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Latin

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“Salve. Quid agis?” That is Latin for, “Hi. What’s up?” But nowadays, Latin is hardly a language useful for communicating with people of different cultures. In that sense, learning Latin today is impractical. When I tell my friends that I study Latin, the issue that Latin is not a modern language, is often raised, along with an eyebrow. “Latin is a dead language,” they say with a mocking finality.
But to me, Latin is far from a useless or lifeless language. In a most basic way, Latin helps me examine the grammar and the structure of English and to understand English cognates. For example, by learning Latin, I understood what it really meant to use the passive voice, and when we should use “who” or “whom.” Knowing Latin also allows me to read the works of some of the most famous poets and figures in history such as Vergil, Ovid, Caesar, and Cicero. Caesar, in his “Comentarii de Bello Gallic,” his commentary on the Gallic Wars, writes of his conquests of the Gauls in what are now France and England. The opening words of his commentary, “All Gaul is divided into three parts,” ring forever in the minds of many students of Latin. The ability to understand the famous authors of old gives Latin vitality and a wonder that only knowing that ancient language can provide.

For ancient writings are far from stale. While going through the rigorous process of translating a Catullus poem, a book of the Aeneid, a letter of Cicero’s, I cannot help but ponder the implications about which they wrote. What insights can I make into Roman culture, way of life, and values? Reading a work in Latin also forces me to think in a different way, a feature of all second or third languages, dead or alive. For example, word order is irrelevant in Latin. This allows for much more poetic and rhetorical techniques, and can beautifully increase the ambiguity of a passage. For example, Catullus “49” is a poem that Catullus, a poet known for his love poems to Lesbia, his lover, and also his obscene poems, wrote about Cicero. The punch line is that it is ambiguous as to whether Catullus is saying that Cicero was “the best patron of all patrons,” or that he was “the best patron of everybody.” Cicero was a lawyer and in his political maneuvers, it often happened that he defended someone, whom he had once prosecuted, or vice versa. This made him “a patron of everybody.” Because of the lack of word order, Catullus leaves it up to the reader to decide whether he is sincerely praising Cicero or mocking him. The way that Roman writers were able to use their language to create such ambiguities, and more often, to create beautiful, flowing yet complex poems with chiastic structures makes them a joy to see, to read aloud, they come to life.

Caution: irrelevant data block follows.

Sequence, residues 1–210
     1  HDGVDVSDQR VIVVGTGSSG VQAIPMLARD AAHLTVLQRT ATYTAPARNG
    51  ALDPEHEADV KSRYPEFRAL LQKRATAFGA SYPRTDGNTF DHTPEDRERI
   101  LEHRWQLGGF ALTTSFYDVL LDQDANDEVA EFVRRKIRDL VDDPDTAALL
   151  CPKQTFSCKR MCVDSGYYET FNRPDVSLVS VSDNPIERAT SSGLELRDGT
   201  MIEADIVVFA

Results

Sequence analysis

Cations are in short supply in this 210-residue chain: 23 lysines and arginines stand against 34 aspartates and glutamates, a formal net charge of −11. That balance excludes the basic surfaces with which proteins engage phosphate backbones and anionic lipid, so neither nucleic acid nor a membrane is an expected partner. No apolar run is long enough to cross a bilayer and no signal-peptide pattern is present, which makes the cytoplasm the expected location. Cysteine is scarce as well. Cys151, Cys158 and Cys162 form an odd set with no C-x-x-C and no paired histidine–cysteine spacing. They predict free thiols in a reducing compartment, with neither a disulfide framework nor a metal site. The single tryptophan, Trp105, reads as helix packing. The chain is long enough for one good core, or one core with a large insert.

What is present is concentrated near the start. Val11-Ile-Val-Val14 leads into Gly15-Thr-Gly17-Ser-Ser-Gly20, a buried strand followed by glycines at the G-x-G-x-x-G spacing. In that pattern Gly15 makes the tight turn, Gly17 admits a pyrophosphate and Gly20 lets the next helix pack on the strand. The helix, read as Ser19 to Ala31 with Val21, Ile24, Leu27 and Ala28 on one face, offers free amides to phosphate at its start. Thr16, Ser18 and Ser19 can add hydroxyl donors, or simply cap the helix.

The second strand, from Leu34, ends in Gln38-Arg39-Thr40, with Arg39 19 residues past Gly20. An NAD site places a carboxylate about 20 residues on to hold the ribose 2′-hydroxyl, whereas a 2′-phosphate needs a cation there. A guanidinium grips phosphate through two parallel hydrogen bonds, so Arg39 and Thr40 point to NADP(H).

From the very act of searching for nouns and adjectives, identifying cases, and determining the tenses and agents of verbs, learning a new language not only forces me to read differently, but forces us to at least look at the world in the way the speakers of the language, dead or alive, might have seen it. The Romans have a dozen words for the verb “to kill” and “to die,” and a knack for witty and explosive humor. Latin is far from a dead language; in fact it is a vibrant language, full of vitality, and provides much insight, and just as much beauty and wit.





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